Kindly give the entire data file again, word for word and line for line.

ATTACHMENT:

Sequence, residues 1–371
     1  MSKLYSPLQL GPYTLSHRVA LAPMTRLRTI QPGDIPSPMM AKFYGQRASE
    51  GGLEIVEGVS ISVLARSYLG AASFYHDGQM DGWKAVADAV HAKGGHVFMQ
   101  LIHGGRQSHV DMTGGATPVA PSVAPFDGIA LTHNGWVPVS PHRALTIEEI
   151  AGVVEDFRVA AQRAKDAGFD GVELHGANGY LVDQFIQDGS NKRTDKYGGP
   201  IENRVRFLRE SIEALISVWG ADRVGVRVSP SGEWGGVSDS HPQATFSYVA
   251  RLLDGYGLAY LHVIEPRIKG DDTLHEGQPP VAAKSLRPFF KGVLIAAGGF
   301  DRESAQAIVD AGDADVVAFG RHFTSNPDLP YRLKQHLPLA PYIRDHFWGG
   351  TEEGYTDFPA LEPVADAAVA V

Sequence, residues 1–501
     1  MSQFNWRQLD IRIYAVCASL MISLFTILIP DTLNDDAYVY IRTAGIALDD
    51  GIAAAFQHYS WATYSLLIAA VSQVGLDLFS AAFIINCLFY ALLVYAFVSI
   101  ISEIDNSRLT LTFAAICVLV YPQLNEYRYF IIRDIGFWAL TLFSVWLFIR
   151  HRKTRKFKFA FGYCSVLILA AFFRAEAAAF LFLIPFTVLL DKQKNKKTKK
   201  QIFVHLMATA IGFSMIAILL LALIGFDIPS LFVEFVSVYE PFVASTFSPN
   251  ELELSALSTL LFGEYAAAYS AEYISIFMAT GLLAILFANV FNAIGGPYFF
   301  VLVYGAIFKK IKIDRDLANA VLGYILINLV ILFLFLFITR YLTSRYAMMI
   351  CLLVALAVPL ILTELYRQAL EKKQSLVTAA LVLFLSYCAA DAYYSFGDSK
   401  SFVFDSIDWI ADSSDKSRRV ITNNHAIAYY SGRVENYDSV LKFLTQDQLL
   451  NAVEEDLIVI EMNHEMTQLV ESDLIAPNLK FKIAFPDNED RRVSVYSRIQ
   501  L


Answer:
Sequence, residues 1–371
     1  MSKLYSPLQL GPYTLSHRVA LAPMTRLRTI QPGDIPSPMM AKFYGQRASE
    51  GGLEIVEGVS ISVLARSYLG AASFYHDGQM DGWKAVADAV HAKGGHVFMQ
   101  LIHGGRQSHV DMTGGATPVA PSVAPFDGIA LTHNGWVPVS PHRALTIEEI
   151  AGVVEDFRVA AQRAKDAGFD GVELHGANGY LVDQFIQDGS NKRTDKYGGP
   201  IENRVRFLRE SIEALISVWG ADRVGVRVSP SGEWGGVSDS HPQATFSYVA
   251  RLLDGYGLAY LHVIEPRIKG DDTLHEGQPP VAAKSLRPFF KGVLIAAGGF
   301  DRESAQAIVD AGDADVVAFG RHFTSNPDLP YRLKQHLPLA PYIRDHFWGG
   351  TEEGYTDFPA LEPVADAAVA V

Sequence, residues 1–501
     1  MSQFNWRQLD IRIYAVCASL MISLFTILIP DTLNDDAYVY IRTAGIALDD
    51  GIAAAFQHYS WATYSLLIAA VSQVGLDLFS AAFIINCLFY ALLVYAFVSI
   101  ISEIDNSRLT LTFAAICVLV YPQLNEYRYF IIRDIGFWAL TLFSVWLFIR
   151  HRKTRKFKFA FGYCSVLILA AFFRAEAAAF LFLIPFTVLL DKQKNKKTKK
   201  QIFVHLMATA IGFSMIAILL LALIGFDIPS LFVEFVSVYE PFVASTFSPN
   251  ELELSALSTL LFGEYAAAYS AEYISIFMAT GLLAILFANV FNAIGGPYFF
   301  VLVYGAIFKK IKIDRDLANA VLGYILINLV ILFLFLFITR YLTSRYAMMI
   351  CLLVALAVPL ILTELYRQAL EKKQSLVTAA LVLFLSYCAA DAYYSFGDSK
   401  SFVFDSIDWI ADSSDKSRRV ITNNHAIAYY SGRVENYDSV LKFLTQDQLL
   451  NAVEEDLIVI EMNHEMTQLV ESDLIAPNLK FKIAFPDNED RRVSVYSRIQ
   501  L